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**Dempster-Shafer Theory**

Fundamentals of Dempster-Shafer Theory College of Computing and Informatics University of North Carolina, Charlotte presented by Zbigniew W. Ras University of North Carolina, Charlotte, NC Warsaw University of Technology, Warsaw, Poland 1

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**Examples – Datasets (Information Systems)**

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**Information System How to interpret term “blond”?**

Color_of_Hair Nationality X1 Blond X2 Spanish X3 Black X4 German How to interpret term “blond”? How to interpret “blond + Spanish”, “Blond Spanish”? I(+) = , I() = . We have several options: 1. I(Blond) = {X1,X4} - pessimistic 2. I(Blond) = {X1,X4,X2} – optimistic 3. I(Blond) = [{X1,X4}, {X2}] – rough 4. I(Blond) = {(X1,1), (X4,1), (X2,1/2)} assuming that X2 is either Blond or Black and the chances are equal for both colors. Option 1. 0 = I(Black Blond) = I(Black) I(Blond) = {X3} {X1,X4} = 0 X = I(Black + Blond) = I(Black) I(Blond) = {X3} {X1,X4} = {X1,X3,X4} Option 2. 0 = I(Black Blond) = I(Black) I(Blond) = {X2, X3} {X1,X4,X2} = {X2} X = I(Black + Blond) = I(Black) I(Blond) = {X2, X3} {X1,X4,X2} = X

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**Query Languages (Syntax) – built from**

values of attributes (if they are not local, we call them foreign), functors +, , predicates = , <, , ….. Queries form a smallest set T such that: 1. If w V then w T. 2. If t1 , t2 T then (t1+t2), (t1t2), (t1) T Extended Queries form a smallest set F such that: 1. If t1 , t2 T then (t1 = t2), (t1 < t2), (t1 t2) F 2. If 1 , 2 F then ~1, ( 1 2), ( 1 2) F Query Languages (Local Semantics) – domain of interpretation has to be established Example: Query – “blond Spanish”, Extended query - “blond Spanish = black”

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CERTAIN RULES: (Headache, Yes) (Temp, High Very High) (Flu, Yes) (Temp, Normal) (Flue, No) POSSIBLE RULES: (Headache, No) (Temp, High) (Flue, Yes), Conf= ½ (Headache, No) (Temp, High) (Flue, No), Conf= ½ ……………………………………………

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**Dempster-Shafer Theory**

based on the idea of placing a number between zero and one to indicate the degree of belief of evidence for a proposition. 19

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**Basic Probability Assignment - function m: 2^X [0,1] **

such that: (1) m()=0, (2) [m(Y) : Y X] = 1 /total belief/. m(Y) – basic probability number of Y. Belief function over X - function Bel: 2^X [0,1] such that: Bel(Y)= [m(Z): Z Y]. FACT 1: Function Bel: 2^X [0,1] is a belief function iff Bel()=0, (2) Bel(X)= 1, (3) Bel({A(i): i {1,2,…,n}) = [(-1)^{|J|+1}Bel({A(i): i J}) : J {1,2,…,n}] for every positive integer n and all subsets A(1), A(2), …, A(n) of X FACT 2: Basic probability assignment can be computed from: m(Y) = [ (-1)^{|Y – Z| Bel(Z): Z Y], where Y X. 20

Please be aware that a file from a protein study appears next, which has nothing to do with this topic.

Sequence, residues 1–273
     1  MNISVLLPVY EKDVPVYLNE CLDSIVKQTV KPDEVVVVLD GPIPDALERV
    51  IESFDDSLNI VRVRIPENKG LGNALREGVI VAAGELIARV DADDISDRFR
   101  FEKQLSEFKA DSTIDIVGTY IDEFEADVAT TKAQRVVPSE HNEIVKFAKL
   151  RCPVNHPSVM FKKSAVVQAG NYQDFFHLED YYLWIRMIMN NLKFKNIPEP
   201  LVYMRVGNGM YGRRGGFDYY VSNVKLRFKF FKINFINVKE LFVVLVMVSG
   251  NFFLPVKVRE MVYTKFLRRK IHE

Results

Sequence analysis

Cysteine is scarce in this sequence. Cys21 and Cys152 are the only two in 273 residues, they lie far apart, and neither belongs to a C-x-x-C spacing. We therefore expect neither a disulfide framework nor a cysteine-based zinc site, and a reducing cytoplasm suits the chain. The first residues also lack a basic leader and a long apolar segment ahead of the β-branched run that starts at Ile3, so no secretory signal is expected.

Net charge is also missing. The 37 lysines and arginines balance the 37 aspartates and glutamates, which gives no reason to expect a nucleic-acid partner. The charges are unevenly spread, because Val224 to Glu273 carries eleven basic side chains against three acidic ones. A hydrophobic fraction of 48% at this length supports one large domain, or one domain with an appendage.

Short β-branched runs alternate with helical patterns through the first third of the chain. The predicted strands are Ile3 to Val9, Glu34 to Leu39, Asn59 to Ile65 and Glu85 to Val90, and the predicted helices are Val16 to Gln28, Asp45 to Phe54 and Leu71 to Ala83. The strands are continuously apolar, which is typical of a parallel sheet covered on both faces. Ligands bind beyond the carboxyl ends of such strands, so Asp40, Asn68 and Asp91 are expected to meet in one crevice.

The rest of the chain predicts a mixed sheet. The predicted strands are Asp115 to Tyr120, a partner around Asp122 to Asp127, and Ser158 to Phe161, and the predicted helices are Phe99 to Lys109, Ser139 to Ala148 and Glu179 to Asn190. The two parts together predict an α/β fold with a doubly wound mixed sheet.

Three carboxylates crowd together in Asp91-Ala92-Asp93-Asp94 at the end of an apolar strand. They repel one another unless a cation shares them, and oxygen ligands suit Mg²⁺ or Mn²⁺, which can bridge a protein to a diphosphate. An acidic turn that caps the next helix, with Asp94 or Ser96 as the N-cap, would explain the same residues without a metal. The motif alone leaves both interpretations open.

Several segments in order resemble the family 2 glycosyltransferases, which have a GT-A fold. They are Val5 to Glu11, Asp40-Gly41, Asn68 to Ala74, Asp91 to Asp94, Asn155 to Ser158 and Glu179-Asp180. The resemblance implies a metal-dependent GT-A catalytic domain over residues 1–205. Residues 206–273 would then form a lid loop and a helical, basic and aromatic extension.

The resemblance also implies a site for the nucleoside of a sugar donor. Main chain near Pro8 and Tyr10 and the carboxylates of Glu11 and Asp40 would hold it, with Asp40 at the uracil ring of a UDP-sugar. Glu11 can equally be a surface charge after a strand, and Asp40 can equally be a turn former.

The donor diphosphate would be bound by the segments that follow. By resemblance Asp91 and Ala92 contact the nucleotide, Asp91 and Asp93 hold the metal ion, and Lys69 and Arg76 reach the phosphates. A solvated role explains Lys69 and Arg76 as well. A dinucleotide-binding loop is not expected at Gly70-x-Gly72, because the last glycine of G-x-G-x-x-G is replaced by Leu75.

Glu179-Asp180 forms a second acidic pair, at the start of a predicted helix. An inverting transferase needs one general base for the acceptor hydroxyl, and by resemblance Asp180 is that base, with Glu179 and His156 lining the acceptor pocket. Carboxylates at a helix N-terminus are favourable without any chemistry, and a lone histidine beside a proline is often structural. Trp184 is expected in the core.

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**Example: basic probability assignment**

d x1 L x2 S x3 P 1 x4 3 R x5 2 x6 x7 H m_a({x1,x2,x3,x6})=[2+2/3]/7=8/21 m_a({x3,x6,x5})=[1+2/3]/7=5/21 m_a({x3,x6,x4,x7})=[2+2/3]/7=8/21 Basic probability assignment (given) m({x1,x2,x3,x6})=8/21 m({x3,x6,x5})=5/21 m({x3,x6,x4,x7})=8/21 1) m_a uniquely defined for x1,x2,x4,x5,x7. m_a undefined for x3,x6. defines attribute m_a m_a(x1)=m_a(x2) =a1, m_a(x5)=a2,….. 21

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**Example: basic probability assignment**

Basic probability assignment – m: X={x1,x2,x3,x4,x5} m(x1,x2,x3)=1/2, m(x1,x2)=1/4, m(x2,x4)=1/4 Belief function: Bel({x1,x2,x3,x5})= ½ + ¼ = ¾, ……….. Focal Element and Core Y X is called focal element iff m(Y) > 0. Core – the union of all focal elements. Doubt Function Dou: 2^X [0,1] , Y X Dou(Y) = Bel(Y). Plausibility Function – Pl(Y) = 1 – Dou(Y) Pl(Y)=[m(Z): Z Y ]

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{1,2} {1,2} {1,2} 1/4 {2,3} 3/4 {1,2} {1,3} 1/2 m({3})=1/2, m({2,3})=1/4, m({1,2})=1/4. {1,2} {1,2} {1,2} {3} 1/2 {1} {2} Core={1,2,3} Pl({1,2}) = m({2,3})+m({1,2}) = ½, Pl({1,3})= m({3})+m({2,3})+m({1,2}) = 1

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Properties: - Bel() = Pl() = 0 - Bel(X) = Pl(X) = 1 - Bel(Y) Pl(Y) - Bel(Y) + Bel(Y) 1 - Pl(Y) + Pl(Y) 1 - if Y Z, then Bel(Y) Bel(Z) and Pl(Y) Pl(Z) Bel: 2^X [0,1] is called a Bayesian Belief Function iff Bel() = 0 Bel(X) = 1 Bel (Y Z)= Bel(Y) + Bel(Z), where Y, Z X, Y Z = Fact: Any Bayesian belief function is a belief function.

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**The following conditions are equivalent:**

Bel is Bayesian All focal elements of Bel are singletons Bel = Pl Bel(Y) + Bel(Y) = 1 for all Y X

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**Dempster’s Rule of Combination**

Bel1, Bel2 – belief functions representing two different pieces of evidence which are independent. Domain = {x1,x2,x3} Bel1 Bel2 – their orthogonal sum /Dempster’s rule of comb./ m1, m2 – basic probability assignments linked with Bel1, Bel2. {x1,x2} 1/4 {x1,x2,x3} 3/2 {x2,x4} {x2} 3/8 3/32 3/16 {x1,x2,x4} 1/16 1/8 m1 m2 (m1 m2)({x1,x2})=3/32+3/16+1/16=11/32 (m1 m2)({x1,x2,x3})=1/8 (m1 m2)({x2})=3/32+3/16+3/32+1/16=7/16 (m1 m2)({x2,x4})=3/32

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Failing Query Problem

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Questions? Thank You

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RSES – reducts and discretization of attributes presented by Zbigniew W. Ras University of North Carolina, Charlotte, NC & Warsaw University of Technology,

RSES – reducts and discretization of attributes presented by Zbigniew W. Ras University of North Carolina, Charlotte, NC & Warsaw University of Technology,

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